Enjoy this photographic trip into the world of Thailand. Put yourself into each photo as if you were actually there and see the magnificent wildlife that still survives in the kingdom. This book makes a powerful statement: the photographs speak for themselves.

About Bruce

Born in the United States, Bruce has lived in Thailand since 1964. He is married to a Thai national and they live in Bangkok with their daughter, son-in-law and two grand daughters. His main objective is to educate the Thai people about their natural heritage before it is too late. A second objective is to help the park rangers who patrol the forests with food, clothing and equipment to create incentive among these men who put their lives on the line for the Kingdom’s forest and wildlife. His dream to produce wildlife photographic books continues.

Photographing Thailand’s magnificent wild fauna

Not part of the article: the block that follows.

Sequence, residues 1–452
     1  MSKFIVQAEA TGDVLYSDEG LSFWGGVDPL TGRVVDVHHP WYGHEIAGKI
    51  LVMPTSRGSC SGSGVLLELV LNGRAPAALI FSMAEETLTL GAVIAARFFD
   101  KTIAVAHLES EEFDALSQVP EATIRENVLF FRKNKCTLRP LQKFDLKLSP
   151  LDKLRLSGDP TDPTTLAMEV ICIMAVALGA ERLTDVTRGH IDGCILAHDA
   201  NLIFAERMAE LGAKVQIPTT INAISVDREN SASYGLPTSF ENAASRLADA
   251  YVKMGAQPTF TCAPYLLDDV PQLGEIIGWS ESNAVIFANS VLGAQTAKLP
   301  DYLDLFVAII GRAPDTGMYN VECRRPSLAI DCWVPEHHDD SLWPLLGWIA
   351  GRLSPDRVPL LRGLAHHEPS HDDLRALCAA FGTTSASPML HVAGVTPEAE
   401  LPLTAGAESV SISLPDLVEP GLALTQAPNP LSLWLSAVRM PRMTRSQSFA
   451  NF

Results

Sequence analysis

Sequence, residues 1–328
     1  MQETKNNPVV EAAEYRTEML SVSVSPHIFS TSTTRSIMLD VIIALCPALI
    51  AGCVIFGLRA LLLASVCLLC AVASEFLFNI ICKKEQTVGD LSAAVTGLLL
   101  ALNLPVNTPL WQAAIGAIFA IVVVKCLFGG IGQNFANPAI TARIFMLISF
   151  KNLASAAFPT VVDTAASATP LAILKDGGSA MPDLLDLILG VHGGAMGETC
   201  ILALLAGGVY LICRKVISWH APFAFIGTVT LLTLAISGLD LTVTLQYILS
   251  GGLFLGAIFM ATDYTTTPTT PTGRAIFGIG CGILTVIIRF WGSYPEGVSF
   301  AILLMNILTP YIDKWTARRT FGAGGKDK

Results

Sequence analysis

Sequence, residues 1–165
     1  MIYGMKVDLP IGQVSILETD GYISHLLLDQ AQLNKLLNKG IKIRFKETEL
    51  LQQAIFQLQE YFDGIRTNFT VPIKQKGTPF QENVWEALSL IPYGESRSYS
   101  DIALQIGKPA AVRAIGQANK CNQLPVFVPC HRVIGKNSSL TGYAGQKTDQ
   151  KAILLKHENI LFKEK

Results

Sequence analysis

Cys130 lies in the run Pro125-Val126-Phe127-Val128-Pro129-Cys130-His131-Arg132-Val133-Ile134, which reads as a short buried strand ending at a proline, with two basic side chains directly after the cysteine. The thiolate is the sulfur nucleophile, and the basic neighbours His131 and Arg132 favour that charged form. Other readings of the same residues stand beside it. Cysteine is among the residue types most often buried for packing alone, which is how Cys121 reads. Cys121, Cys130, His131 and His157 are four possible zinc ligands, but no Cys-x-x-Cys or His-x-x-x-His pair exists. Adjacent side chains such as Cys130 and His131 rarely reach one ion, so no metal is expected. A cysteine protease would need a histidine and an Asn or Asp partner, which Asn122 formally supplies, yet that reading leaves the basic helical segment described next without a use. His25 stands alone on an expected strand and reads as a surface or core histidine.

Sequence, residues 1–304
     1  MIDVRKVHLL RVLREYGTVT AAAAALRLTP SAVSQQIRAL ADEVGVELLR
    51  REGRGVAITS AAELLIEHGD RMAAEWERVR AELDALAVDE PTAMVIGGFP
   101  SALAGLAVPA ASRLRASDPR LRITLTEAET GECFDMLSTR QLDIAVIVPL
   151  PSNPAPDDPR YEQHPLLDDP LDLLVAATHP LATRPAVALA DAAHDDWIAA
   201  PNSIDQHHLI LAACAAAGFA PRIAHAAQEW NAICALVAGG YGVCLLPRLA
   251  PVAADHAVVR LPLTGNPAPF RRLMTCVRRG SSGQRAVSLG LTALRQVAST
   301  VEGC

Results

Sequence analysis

Bruce writes: Thailand’s wildlife has evolved over millions of years into some of the most beautiful and interesting creatures in the world. Photographing these rare animals such as the Siamese crocodile, tiger, leopard, gaur, banteng, wild water buffalo, elephant and tapir, plus a multitude of other mammals, birds, reptiles, amphibians and insects in their natural habitats is a daunting task due to many different aspects. Probably the most prominent is the ever-increasing human population and social ills like poaching, gathering and encroachment in the protected areas. This alone has taken its toll and the country’s natural habitats, from under the sea to the highest mountains, are in serious jeopardy with very little chance of recovery to the magnificent ecosystems of the past. Before World War Two, 75 percent of the kingdom was still covered in pristine forests. Barely 30 percent survives today and most of these are degraded to the point of no return. Hence, wildlife has become scarce and extremely elusive, and difficult to photograph.